Court Concludes That COVID-19 Losses Can Qualify as “Direct Physical Loss”
In a victory for policyholders, a federal district court found that COVID-19 can cause physical loss under business-interruption policies. In Studio 417, Inc., et al. v. The Cincinnati Insurance Co., No. 20-cv-03127-SRB (W.D. Mo. Aug. 12, 2020), the court rejected the argument often advanced by insurers that “all-risks” property insurance policies require a physical, structural alteration to trigger coverage. This decision shows that, with correct application of policy-interpretation principles and strategic use of pleading and evidence, policyholders can defeat the insurance industry’s “party line” arguments that business-interruption insurance somehow cannot apply to pay for the unprecedented losses businesses are experiencing from COVID-19, public-safety orders, loss of use of business assets, and other governmental edicts.
The policyholders in Studio 417 operate hair salons and restaurants asserting claims for business interruption. In suing to enforce their coverage, the policyholders allege that, over the last several months, it is likely that customers, employees, and/or other visitors to the insured properties were infected with COVID-19 and thereby infected the insured properties with the virus. Their complaint asserts that the presence of COVID-19 “renders physical property in their vicinity unsafe and unusable.” Unlike some other complaints seeking to enforce such coverage, it also alleges that the presence of COVID-19 and government “Closure Orders” “caused a direct physical loss or direct physical damage” to their premises “by denying use of and damaging the covered property, and by causing a necessary suspension of operations during a period of restoration.”
The court concluded, after “a review of the record,” that the plaintiffs had “adequately stated a claim for direct physical loss” and thus denied the insurer’s motion to dismiss. The court pointed to the plaintiffs’ allegations of a “causal relationship between COVID-19 and their alleged losses” and allegations that COVID-19 “is a physical substance” that allegedly attached to plaintiffs’ property, making it unsafe and unusable and thus resulting in direct physical loss. The court point to Missouri cases holding that “a loss may occur when the property is uninhabitable and unusable for its intended purpose.”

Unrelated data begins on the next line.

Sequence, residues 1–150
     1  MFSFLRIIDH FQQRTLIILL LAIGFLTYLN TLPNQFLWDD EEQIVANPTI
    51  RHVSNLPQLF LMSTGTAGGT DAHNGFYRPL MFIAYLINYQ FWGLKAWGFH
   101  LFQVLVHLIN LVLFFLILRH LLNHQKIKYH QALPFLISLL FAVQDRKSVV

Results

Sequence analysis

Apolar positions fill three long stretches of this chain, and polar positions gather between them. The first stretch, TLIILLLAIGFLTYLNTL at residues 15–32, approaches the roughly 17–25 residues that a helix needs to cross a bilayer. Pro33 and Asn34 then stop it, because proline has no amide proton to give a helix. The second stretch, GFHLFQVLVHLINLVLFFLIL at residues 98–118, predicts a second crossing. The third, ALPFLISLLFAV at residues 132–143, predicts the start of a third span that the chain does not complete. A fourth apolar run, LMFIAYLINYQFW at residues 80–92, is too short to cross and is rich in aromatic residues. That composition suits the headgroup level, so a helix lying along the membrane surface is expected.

The Studio 417 decision stands in sharp contrast to earlier decisions regarding COVID-19 claims. Notably, the court explicitly declined to follow the recent COVID-19 decision trumpeted by insurers in Social Life Magazine, Inc. v. Sentinel Insurance Co., No. 1:20-cv-03311-VEC (S.D.N.Y. 2020). While the defendant, Cincinnati Insurance Co., argued that “Social Life famously states that the virus damages lungs, not printing presses,” the Studio 417 court swiftly dismissed this position, reasoning instead that the policyholders had plausibly alleged that malign COVID-19 particles attached to and damaged their property, which made their premises unsafe and unusable. Suite 417 also specifically differs from two prior seemingly pro-insurer decisions, Gavrilides Mgmt. Co. v. Michigan Insurance Co., No. 20-258-CB-C30 (Mich. Co. Ct. July 1, 2020), and Rose’s 1 LLC, et al. v. Erie Insurance Exchange, No. 2020-CA-002424-B (D.C. Super. Ct. Aug. 6, 2020) (which we have previously discussed here), where the trial courts held that COVID-19 did not constitute physical loss or damage. Namely, the courts in both Gavrilides and Rose’s stated that the plaintiffs there, unlike those in Studio 417, failed to allege or proffer evidence that COVID-19 was present at or had physically damaged their properties.
The Studio 417 decision points out that, in pursuing such coverage, it is key for policyholders to tie the elements of the coverage to the facts of the damage and loss, allegations that a court can use in denying facile arguments by insurers that somehow business-interruption coverages cannot be triggered. The early decisions, both Studio 417 supporting coverage and those thus far that have rejected it, all show that careful analysis of policy language, married to an analysis of the facts and evidence of the loss in question, will help courts recognize that the coverage should apply.
Jorge R. Aviles contributed to this article.